Baylor College of Medicine researchers Ari Rosenberg and Jaclyn Sky Patterson claim to have modeled a theorized cause of autism--divisive normalization (DN)--in an artificial neural network (ANN), with the effect of that simulation exhibiting recognizably autistic behavior.
The DN theory suggests autistic brains are so active that the activity of any single neuron is inhibited by the activity of the general population of surrounding neurons. ANNs are organized along the principle that one minuscule adjustment to the behavior of all neurons carries a major cumulative effect on the final outcome of the data being processed.
Rosenberg and Patterson's experiment used an ANN to simulate the primary visual cortex, and they began tinkering with its parameters to see if the DN theory could be used to span the gap between autism's subjective effects and the ANN's numerical operations. Comparing two ANNs--one representing a normal person's visual processing and the other an autistic subject's--showed the former consistently bested the latter, mirroring the same trends as human test subjects.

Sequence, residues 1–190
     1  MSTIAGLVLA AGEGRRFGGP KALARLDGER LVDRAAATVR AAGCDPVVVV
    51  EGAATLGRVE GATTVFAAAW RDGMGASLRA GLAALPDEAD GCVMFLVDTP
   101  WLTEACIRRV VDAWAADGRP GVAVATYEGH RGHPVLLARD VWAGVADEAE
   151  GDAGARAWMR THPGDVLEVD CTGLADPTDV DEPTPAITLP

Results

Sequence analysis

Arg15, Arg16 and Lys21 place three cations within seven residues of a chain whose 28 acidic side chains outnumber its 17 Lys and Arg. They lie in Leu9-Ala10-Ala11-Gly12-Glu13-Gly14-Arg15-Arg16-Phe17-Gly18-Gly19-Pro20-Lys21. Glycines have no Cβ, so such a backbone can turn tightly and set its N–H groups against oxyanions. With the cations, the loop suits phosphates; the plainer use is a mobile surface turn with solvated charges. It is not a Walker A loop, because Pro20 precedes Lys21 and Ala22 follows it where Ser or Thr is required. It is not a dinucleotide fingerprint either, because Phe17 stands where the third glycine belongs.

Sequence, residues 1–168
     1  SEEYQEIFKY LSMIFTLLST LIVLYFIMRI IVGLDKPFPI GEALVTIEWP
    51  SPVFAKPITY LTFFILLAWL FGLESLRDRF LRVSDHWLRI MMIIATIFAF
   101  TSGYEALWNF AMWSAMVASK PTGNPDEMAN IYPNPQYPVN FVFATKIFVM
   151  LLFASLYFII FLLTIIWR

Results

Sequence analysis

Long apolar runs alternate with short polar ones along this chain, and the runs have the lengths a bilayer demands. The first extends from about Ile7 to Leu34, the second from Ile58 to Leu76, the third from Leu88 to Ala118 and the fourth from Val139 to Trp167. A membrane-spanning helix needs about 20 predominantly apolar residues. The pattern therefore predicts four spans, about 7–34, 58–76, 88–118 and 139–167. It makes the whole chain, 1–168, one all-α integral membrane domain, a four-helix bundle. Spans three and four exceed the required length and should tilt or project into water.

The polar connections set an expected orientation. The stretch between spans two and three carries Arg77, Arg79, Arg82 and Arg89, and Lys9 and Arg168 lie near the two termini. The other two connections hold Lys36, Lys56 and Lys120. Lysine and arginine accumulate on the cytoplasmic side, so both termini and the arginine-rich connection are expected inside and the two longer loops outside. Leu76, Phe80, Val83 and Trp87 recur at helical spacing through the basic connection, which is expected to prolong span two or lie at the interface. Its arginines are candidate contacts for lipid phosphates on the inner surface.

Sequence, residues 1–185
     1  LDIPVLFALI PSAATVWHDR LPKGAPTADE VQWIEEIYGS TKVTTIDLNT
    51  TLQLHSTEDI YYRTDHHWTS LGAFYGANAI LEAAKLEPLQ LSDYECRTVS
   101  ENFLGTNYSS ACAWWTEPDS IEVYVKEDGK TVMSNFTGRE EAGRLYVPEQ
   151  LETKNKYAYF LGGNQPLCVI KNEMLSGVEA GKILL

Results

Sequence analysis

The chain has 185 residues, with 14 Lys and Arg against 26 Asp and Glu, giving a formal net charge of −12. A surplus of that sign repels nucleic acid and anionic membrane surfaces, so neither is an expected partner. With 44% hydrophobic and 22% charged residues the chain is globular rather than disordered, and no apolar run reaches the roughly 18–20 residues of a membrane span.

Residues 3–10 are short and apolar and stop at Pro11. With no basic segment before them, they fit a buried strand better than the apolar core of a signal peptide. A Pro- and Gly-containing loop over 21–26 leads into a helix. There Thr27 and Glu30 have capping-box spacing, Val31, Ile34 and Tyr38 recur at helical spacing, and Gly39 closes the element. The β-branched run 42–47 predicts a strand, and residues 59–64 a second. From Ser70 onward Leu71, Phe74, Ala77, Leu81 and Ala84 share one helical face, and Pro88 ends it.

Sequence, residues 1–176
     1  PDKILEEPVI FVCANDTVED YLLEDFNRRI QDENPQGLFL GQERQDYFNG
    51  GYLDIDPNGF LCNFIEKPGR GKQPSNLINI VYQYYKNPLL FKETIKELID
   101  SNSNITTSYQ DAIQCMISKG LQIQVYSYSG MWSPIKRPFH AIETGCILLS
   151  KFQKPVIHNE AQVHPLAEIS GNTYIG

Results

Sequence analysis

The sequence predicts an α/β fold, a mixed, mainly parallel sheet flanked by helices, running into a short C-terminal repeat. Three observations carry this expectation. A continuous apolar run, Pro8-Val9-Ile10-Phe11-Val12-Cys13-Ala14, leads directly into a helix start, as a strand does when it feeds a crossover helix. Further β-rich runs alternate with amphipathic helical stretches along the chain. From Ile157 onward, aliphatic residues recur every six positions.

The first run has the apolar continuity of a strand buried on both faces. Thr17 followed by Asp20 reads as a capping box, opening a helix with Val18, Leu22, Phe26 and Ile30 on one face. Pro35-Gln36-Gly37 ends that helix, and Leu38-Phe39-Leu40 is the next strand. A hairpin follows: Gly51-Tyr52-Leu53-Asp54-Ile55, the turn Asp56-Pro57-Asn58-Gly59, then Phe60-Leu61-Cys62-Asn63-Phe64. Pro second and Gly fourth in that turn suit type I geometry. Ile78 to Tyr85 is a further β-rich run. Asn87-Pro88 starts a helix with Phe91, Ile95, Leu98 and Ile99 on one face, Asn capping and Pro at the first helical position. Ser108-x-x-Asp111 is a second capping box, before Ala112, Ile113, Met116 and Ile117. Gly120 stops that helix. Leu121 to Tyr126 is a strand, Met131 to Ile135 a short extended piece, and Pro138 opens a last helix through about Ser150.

Additional tests with "tunnel vision" and the known linkage between statistical inference and autism demonstrated correlation with autistic subjects as well.
From Extreme Tech
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